Twitter Follow Ahmed Altyar at @aealtyar
Preliminary findings of this study were presented as a plenary presentation at the Western States Conference for Pharmacy Residents, Fellows, Preceptors and Sponsors, 21–24 May 2012, Pacific Grove, California, USA, and as a poster at the American Society of Health-System Pharmacists ASHP Summer Meeting and Exhibition, 31 May–4 June 2014, Las Vegas, Nevada, USA.
Contributors AA and GS conducted the initial planning of this investigation. AA, LK and GS were involved in formalising and executing the study methodology, analysis, interpretation of results, and drafting and revisions of the manuscript. GS was involved in the acquisition of data and overall study supervision.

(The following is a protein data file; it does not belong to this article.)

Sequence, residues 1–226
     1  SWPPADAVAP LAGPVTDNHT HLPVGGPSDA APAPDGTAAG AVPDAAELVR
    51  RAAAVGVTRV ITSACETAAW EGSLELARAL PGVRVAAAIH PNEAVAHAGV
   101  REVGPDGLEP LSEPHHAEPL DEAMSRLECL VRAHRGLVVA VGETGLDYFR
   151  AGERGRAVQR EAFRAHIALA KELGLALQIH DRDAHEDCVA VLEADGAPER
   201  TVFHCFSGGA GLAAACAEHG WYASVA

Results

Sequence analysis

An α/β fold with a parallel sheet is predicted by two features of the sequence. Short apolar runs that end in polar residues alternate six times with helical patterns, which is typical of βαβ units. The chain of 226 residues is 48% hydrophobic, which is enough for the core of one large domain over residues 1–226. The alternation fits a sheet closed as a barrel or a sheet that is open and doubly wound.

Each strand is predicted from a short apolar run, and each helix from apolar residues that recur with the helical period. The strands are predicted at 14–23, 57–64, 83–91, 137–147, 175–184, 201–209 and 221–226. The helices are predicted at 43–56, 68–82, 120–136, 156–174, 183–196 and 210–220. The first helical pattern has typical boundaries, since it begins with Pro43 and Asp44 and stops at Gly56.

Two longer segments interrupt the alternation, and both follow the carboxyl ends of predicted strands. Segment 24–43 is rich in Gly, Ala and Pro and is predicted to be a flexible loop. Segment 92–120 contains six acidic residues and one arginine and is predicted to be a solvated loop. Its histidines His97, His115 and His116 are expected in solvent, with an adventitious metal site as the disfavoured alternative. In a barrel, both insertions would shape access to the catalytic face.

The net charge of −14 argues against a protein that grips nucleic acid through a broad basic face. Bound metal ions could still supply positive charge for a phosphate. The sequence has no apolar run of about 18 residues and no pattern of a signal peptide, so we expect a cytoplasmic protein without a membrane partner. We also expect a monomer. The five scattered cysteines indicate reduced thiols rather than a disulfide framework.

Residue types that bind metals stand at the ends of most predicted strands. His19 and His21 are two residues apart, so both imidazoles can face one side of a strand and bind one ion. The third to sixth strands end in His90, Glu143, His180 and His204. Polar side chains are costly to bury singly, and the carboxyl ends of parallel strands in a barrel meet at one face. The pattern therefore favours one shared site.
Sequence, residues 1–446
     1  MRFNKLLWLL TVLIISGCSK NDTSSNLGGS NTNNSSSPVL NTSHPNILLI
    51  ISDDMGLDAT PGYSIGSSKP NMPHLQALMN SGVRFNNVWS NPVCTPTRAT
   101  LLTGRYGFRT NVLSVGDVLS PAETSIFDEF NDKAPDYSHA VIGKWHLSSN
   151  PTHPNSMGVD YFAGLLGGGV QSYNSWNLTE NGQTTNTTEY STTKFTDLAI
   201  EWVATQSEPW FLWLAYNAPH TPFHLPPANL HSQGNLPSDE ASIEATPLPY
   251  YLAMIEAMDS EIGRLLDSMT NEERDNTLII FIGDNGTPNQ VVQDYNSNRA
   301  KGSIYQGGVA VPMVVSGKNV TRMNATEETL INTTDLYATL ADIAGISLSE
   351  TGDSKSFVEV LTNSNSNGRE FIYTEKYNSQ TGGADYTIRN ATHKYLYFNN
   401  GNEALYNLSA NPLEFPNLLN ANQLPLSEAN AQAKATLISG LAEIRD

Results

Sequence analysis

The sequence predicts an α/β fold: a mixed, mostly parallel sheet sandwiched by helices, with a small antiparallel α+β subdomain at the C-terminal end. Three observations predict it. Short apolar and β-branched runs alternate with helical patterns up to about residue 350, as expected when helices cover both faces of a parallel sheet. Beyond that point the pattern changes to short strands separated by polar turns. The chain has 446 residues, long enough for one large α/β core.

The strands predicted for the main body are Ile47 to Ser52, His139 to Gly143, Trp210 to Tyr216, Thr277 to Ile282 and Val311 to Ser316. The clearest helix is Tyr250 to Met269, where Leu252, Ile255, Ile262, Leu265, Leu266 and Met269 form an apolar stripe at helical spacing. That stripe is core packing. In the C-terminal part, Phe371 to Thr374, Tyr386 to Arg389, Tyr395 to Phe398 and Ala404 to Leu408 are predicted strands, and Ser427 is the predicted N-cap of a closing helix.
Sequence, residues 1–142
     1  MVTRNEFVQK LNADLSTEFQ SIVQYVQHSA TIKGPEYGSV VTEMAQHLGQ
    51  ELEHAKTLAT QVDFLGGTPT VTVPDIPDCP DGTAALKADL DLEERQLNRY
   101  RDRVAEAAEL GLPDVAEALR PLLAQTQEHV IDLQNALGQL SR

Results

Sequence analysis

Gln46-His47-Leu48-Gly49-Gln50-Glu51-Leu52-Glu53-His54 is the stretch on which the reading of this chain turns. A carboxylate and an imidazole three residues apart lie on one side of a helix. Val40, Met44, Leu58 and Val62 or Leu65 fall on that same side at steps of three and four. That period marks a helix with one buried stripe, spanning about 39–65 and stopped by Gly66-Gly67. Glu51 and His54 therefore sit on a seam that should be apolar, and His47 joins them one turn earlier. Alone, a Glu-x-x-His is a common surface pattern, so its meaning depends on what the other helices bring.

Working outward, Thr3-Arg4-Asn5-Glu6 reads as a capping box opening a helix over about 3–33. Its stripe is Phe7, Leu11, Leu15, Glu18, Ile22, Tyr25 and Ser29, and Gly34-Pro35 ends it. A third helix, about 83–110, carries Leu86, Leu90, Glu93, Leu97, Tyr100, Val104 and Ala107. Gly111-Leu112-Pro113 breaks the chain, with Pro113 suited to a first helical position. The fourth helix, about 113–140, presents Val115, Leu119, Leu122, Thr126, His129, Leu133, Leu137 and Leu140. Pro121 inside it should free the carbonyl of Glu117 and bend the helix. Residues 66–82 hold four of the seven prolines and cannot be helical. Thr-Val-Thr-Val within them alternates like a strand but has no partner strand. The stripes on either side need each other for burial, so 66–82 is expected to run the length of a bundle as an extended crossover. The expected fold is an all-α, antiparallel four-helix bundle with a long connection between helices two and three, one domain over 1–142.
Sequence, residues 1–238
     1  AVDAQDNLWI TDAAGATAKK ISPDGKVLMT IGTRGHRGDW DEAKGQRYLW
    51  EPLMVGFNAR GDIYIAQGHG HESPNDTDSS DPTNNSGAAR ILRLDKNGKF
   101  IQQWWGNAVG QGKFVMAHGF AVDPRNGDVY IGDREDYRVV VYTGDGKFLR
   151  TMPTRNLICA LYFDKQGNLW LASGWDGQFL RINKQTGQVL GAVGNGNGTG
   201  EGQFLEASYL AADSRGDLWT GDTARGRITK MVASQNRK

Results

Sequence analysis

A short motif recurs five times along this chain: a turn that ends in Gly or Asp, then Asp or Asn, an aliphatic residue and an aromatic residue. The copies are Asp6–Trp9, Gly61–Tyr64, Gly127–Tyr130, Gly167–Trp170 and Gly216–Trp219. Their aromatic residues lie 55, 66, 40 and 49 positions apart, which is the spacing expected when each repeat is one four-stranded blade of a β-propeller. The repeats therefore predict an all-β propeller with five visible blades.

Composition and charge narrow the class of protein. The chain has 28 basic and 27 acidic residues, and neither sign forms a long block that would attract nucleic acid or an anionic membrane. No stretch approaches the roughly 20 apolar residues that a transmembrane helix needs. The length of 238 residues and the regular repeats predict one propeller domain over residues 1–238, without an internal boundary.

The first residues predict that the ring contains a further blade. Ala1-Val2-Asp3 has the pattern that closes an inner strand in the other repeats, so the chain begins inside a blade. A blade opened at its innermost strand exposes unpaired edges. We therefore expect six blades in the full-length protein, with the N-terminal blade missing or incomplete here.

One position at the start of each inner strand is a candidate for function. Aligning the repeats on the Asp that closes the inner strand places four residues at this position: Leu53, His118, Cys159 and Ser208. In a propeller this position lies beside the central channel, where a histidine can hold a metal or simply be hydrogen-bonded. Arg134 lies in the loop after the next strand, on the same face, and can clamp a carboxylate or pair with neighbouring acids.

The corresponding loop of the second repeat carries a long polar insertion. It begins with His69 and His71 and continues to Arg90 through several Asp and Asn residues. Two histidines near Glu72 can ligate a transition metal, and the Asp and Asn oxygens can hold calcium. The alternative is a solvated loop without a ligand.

Funding This research received no specific grant from any funding agency in the public, commercial or not-for-profit sectors.
Competing interests None declared.
Provenance and peer review Not commissioned; externally peer reviewed.
Data sharing statement No additional data are available.